But in the midst of their targeted rage, they completely disregard the fact that 13 percent of black males also voted for Trump.

Are these voters not equally deserving of their derision and contempt?

As confounding as it may seem to liberals, their willingness to ignore the fact that Donald Trump garnered double-digit support from black voters is a serious commentary on the extent to which they are helping to perpetuate the decades-old stereotype that the so-called “black vote” is monolithic.

Needless to say, it is not.

I, for one, am proof of that.

In the wake of what was unarguably a devastating and, by many accounts, unfathomable political defeat, liberals are blaming everyone but themselves.

But that liberals view the election of Donald Trump as tantamount to an eschatological catastrophe of biblical proportions is not entirely the fault of white evangelical voters.

In fact, it is not the fault of any one particular ethno-religious voting bloc.

Though 81 percent support from white evangelicals is nothing to sneeze at, even more significant is the 8 percent of black voters who backed Donald Trump.

Because although it was widely expected and accepted that white evangelicals – particularly white male evangelicals – would galvanize behind Trump, being motivated in large part by Clinton’s unbiblical positions on abortion and same-sex marriage, no one gave him a snowball’s chance in you-know-where of making even the most infinitesimal strides with black voters.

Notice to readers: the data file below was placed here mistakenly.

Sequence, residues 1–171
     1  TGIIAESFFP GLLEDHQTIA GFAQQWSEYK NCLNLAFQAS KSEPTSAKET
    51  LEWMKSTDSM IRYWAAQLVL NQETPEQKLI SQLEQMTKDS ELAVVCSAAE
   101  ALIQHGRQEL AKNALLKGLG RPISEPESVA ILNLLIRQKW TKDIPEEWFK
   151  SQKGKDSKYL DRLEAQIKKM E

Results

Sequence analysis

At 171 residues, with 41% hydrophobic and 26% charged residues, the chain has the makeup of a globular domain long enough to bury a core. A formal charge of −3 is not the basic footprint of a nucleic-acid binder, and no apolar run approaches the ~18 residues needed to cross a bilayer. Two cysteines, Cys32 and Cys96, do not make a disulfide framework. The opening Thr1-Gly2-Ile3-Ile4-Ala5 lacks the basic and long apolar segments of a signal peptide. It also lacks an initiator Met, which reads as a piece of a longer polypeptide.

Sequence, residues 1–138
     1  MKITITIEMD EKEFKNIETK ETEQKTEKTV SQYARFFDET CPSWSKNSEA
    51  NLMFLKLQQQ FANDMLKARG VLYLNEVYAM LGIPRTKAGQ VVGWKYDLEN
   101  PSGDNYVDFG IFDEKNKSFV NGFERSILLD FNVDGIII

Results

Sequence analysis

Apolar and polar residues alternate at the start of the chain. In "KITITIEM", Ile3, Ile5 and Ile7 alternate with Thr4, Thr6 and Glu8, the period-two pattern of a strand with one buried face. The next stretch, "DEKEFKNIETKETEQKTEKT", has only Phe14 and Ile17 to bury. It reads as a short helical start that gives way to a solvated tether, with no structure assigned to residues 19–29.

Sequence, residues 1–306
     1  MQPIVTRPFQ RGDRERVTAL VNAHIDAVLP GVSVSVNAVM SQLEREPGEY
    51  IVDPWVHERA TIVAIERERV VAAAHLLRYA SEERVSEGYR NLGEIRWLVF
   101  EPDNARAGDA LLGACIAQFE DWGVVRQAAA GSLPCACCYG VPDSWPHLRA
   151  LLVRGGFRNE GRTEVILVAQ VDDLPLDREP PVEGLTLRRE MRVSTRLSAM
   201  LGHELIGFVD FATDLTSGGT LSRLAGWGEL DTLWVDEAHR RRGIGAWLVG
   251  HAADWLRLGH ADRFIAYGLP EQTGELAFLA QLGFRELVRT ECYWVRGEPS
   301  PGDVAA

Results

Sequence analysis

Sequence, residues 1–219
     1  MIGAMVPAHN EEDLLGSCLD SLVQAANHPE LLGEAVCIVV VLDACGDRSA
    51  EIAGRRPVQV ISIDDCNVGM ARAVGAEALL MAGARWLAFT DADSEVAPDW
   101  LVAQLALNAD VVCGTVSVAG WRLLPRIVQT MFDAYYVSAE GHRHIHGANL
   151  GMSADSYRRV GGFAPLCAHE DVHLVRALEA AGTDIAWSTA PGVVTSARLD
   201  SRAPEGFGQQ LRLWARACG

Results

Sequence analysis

After all, blacks are monolithic, you know?

We don’t think for ourselves.

We simply do as we’re told.

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That black voters traditionally have been held to a lower standard of political autonomy than any other voting bloc in America, is clearly evidenced by a Salon.com article I recently came across entitled, The Real Reason Black Voters Didn’t Turn Out For Hillary – and How to Fix It.

The title alone is enough to give pause.

That black voter turnout turned out (no pun intended) to be less salvific than Hillary Clinton and the Democrats hoped – as opposed to blacks voting their individual consciences or, perhaps, not voting at all, which is also their right – is apparently a problem that needs to be “fixed” according to many on the Left.

It is a philosophy that warrants translating.